“Finding temperatures near these three inactive fractures that are unexpectedly higher than those outside them adds to the intrigue of Enceladus,” said Cassini Project Scientist Linda Spilker at NASA’s Jet Propulsion Laboratory, Pasadena, California. “What is the warm underground ocean really like and could life have evolved there? These questions remain to be answered by future missions to this ocean world.”
"This white dwarf is so close to the black hole that material is being pulled away from the star and dumped onto a disk of matter around the black hole before falling in," said Arash Bahramian, with the University of Alberta (Canada) and Michigan State University. "Luckily for this star, we don't think it will follow this path into oblivion, but instead will stay in orbit."
The appearance of supermassive black holes at the dawn of the universe has puzzled astronomers since their discovery more than a decade ago. A supermassive black hole is thought to form over billions of years, but more than two dozen of these behemoths have been sighted within 800 million years of the Big Bang 13.8 billion years ago.
From the journey of protons racing through the world's largest particle collider in Europe to up-close views of the Big Bang and emergent universe, and the nearly mile-deep descent to an underground experiment in South Dakota, sceintist around the world are in hot pursuit of dark matter --what some physicists are callling the "operating system" of the universe.
Our current cosmological standard model assumes that general relativity and the standard model of particle physics have been a good description of the basic physics of the universe throughout its history. It assumes that the large-scale geometry of the universe is flat: The total energy of the universe is zero. This implies that Euclidean geometry, the mathematics taught to most of us in middle school, is valid on the scale of the universe. Although the geometry of the universe is simple, its composition is strange: The universe is composed not just of atoms (mostly hydrogen and helium), but also dark matter and dark energy.
Dark matter, which we have so far detected only through its gravitational effects though it makes up an estimated 85 percent of the total mass of the universe -- is invisible and we don't yet know what it's made of. Researchers are scanning the night sky and designing ultrasensitive underground particle detectors in hopes of solving its mysteries.
Although general relativity is now a hundred-year-old theory, it remains a powerful, and controversial, idea in cosmology. It is one of the basic assumptions behind our current cosmological model: a model that is both very successful in matching observations, but implies the existence of both dark matter and dark energy. These signify that our understanding of physics is incomplete. We will likely need a new idea as profound as general relativity to explain these mysteries and require more powerful observations and experiments to light the path toward our new insights.
Image at the top of the page is a computerized rendering showing the distribution of dark matter as two galaxies collide. Credit: "Phantom of the Universe"
NASA's upcoming mission to investigate the habitability of Jupiter's icy moon Europa defy's Arthur C. Clark's admonition: "Attempt no landing there!" The bold venture now has a formal name: Europa Clipper, which harkens back to the clipper ships that sailed across the oceans of Earth in the 19th century. Clipper ships were streamlined, three-masted sailing vessels renowned for their grace and swiftness. These ships rapidly shuttled tea and other goods back and forth across the Atlantic Ocean and around the globe.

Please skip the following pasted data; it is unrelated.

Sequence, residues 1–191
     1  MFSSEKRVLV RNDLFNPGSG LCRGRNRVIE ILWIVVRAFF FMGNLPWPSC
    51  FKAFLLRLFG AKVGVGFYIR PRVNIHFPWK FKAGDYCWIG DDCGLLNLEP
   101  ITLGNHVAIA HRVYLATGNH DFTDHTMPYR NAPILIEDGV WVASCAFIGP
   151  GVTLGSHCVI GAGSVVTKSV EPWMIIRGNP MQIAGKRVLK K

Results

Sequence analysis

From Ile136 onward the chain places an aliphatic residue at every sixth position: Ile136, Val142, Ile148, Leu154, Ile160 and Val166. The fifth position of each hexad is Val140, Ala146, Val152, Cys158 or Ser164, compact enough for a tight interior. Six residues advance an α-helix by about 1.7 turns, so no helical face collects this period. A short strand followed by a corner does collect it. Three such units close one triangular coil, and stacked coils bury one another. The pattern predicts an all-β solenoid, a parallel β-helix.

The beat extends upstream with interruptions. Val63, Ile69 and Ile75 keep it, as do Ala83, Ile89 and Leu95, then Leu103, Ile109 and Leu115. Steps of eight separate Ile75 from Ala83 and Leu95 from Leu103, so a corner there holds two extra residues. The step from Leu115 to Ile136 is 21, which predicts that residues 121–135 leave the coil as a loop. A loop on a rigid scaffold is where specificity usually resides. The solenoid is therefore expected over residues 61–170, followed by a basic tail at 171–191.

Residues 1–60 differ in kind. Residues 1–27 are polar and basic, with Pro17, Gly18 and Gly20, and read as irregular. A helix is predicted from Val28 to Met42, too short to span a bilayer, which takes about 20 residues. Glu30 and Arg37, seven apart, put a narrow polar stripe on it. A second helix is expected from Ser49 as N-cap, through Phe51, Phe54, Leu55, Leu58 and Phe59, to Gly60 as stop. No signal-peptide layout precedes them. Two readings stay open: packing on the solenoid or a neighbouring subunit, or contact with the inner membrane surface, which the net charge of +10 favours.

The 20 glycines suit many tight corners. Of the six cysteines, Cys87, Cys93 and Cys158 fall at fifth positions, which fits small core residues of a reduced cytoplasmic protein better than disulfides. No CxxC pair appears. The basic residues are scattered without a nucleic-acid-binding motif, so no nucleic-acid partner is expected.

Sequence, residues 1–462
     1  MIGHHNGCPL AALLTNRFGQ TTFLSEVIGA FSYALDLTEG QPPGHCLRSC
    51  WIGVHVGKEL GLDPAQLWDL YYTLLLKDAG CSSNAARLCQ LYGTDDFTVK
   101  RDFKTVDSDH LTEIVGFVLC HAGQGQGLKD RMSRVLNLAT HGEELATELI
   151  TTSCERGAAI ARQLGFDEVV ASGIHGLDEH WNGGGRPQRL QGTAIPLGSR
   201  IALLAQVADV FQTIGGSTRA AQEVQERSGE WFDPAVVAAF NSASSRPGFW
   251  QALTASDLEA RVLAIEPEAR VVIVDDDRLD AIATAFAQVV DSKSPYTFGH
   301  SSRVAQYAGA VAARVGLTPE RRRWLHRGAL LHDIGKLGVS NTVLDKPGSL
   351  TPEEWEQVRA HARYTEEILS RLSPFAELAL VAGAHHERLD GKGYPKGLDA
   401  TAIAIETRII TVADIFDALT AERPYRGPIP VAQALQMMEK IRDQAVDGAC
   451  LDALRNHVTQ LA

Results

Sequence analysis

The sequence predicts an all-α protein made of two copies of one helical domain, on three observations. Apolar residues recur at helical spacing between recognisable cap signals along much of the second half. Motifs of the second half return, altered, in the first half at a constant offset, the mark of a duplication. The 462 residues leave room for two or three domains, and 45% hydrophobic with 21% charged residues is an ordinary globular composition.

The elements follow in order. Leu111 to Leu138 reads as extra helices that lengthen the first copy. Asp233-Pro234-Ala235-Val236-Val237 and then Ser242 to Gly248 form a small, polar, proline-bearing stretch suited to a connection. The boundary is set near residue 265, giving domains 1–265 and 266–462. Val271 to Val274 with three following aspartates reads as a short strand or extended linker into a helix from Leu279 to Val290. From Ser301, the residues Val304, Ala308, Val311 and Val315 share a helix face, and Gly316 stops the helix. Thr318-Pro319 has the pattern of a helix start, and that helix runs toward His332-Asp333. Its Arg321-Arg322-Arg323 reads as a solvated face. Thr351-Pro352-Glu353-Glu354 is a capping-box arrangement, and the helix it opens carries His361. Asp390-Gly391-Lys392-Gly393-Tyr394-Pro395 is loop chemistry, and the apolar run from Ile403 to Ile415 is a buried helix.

In January of 2015, astronomers discovered a solar system with five Earth-sized planets dating back to the dawn of the Galaxy. "There are far-reaching implications for this discovery," said Tiago Campante, from the University of Birmingham's School of Physics and Astronomy, who led the research. "We now know that Earth-sized planets have formed throughout most of the Universe's 13.8 billion year history, which could provide scope for the existence of ancient life in the Galaxy. By the time the Earth formed, the planets in this system were already older than our planet is today. This discovery may now help to pinpoint the beginning of what we might call the "era of planet formation."
Quasars, stupendously bright regions in the cores of galaxies, powered by gargantuan black holes, will deepen our understanding of why nearly all galaxies have supermassive black holes at their cores, begging the chicken-or-the-egg question of which came first, the galaxies themselves or the black holes, or whether the two arose interrelatedly.
On Feb. 22, astronomers announced that the ultra-cool dwarf star, TRAPPIST-1, hosts a total of seven Earth-size planets that are likely rocky, a discovery made by NASA's Spitzer Space Telescope in combination with ground-based telescopes. NASA's planet-hunting Kepler space telescope also has been observing this star since December 2016. Today these additional data about TRAPPIST-1 from Kepler are available to the scientific community.
"Fast radio bursts are exceedingly bright given their short duration and origin at great distances, and we haven't identified a possible natural source with any confidence," said theorist Avi Loeb of the Harvard-Smithsonian Center for Astrophysics. "An artificial origin is worth contemplating and checking."
Chinese astronomers have renewed their ambitious attempt to build two powerful telescopes at Dome A, the highest place in Antarctica. Professor Cui, Deputy Director of the Chinese Center for Antarctic Astronomy, said the two major telescopes would greatly assist the research of black holes and dark energy, as well as the origins of life and the universe, reported Xinhua News Agency.